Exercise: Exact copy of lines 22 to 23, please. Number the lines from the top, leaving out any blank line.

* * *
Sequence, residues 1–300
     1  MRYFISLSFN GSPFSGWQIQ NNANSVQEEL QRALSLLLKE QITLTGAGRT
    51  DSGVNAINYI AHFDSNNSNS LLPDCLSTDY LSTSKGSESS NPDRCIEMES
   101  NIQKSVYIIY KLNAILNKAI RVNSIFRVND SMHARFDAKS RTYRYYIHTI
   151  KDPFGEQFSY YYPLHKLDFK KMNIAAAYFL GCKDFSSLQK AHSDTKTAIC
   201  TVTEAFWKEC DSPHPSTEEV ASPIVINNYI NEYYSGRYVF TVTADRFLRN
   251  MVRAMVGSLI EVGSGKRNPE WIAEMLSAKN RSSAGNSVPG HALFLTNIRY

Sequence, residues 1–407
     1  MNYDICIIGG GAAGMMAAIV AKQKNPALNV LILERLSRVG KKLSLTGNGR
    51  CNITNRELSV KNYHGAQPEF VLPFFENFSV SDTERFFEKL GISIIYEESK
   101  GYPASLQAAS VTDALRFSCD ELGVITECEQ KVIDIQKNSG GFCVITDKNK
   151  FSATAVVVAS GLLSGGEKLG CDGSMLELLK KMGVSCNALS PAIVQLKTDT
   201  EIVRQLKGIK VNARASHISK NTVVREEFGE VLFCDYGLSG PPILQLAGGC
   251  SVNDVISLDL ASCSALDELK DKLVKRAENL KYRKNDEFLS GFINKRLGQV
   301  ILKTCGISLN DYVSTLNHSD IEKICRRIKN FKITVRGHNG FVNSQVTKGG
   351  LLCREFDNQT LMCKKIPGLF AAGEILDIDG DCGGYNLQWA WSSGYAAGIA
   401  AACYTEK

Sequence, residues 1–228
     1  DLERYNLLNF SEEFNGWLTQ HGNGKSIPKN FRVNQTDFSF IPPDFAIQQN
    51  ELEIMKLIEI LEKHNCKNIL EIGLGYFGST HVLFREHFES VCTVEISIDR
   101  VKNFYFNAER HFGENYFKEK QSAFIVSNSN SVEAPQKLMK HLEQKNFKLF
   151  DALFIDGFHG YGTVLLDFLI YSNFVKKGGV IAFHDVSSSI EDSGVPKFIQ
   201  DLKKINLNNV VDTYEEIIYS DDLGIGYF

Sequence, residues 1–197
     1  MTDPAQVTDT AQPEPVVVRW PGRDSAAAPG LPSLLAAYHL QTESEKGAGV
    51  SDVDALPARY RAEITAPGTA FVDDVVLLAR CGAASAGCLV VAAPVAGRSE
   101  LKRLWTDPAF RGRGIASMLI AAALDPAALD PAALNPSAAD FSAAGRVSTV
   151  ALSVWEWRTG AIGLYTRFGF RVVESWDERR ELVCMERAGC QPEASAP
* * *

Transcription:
   151  DALFIDGFHG YGTVLLDFLI YSNFVKKGGV IAFHDVSSSI EDSGVPKFIQ
   201  DLKKINLNNV VDTYEEIIYS DDLGIGYF